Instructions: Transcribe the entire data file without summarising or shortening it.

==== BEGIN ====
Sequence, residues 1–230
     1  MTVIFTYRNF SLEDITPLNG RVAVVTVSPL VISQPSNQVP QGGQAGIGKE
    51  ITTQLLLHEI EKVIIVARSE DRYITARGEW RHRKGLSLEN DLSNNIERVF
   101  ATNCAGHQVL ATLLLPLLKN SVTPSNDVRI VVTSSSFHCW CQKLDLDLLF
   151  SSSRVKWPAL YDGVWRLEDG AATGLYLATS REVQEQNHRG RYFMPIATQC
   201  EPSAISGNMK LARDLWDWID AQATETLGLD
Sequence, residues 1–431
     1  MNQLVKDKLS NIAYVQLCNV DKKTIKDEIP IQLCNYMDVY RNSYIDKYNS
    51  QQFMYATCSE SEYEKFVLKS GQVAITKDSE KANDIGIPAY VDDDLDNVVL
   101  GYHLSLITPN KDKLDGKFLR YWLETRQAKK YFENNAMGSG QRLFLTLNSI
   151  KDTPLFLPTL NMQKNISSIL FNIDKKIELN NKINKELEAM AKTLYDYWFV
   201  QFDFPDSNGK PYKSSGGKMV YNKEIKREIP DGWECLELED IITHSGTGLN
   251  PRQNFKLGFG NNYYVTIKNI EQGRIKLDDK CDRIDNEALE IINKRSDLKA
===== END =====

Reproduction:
Sequence, residues 1–230
     1  MTVIFTYRNF SLEDITPLNG RVAVVTVSPL VISQPSNQVP QGGQAGIGKE
    51  ITTQLLLHEI EKVIIVARSE DRYITARGEW RHRKGLSLEN DLSNNIERVF
   101  ATNCAGHQVL ATLLLPLLKN SVTPSNDVRI VVTSSSFHCW CQKLDLDLLF
   151  SSSRVKWPAL YDGVWRLEDG AATGLYLATS REVQEQNHRG RYFMPIATQC
   201  EPSAISGNMK LARDLWDWID AQATETLGLD
Sequence, residues 1–431
     1  MNQLVKDKLS NIAYVQLCNV DKKTIKDEIP IQLCNYMDVY RNSYIDKYNS
    51  QQFMYATCSE SEYEKFVLKS GQVAITKDSE KANDIGIPAY VDDDLDNVVL
   101  GYHLSLITPN KDKLDGKFLR YWLETRQAKK YFENNAMGSG QRLFLTLNSI
   151  KDTPLFLPTL NMQKNISSIL FNIDKKIELN NKINKELEAM AKTLYDYWFV
   201  QFDFPDSNGK PYKSSGGKMV YNKEIKREIP DGWECLELED IITHSGTGLN
   251  PRQNFKLGFG NNYYVTIKNI EQGRIKLDDK CDRIDNEALE IINKRSDLKA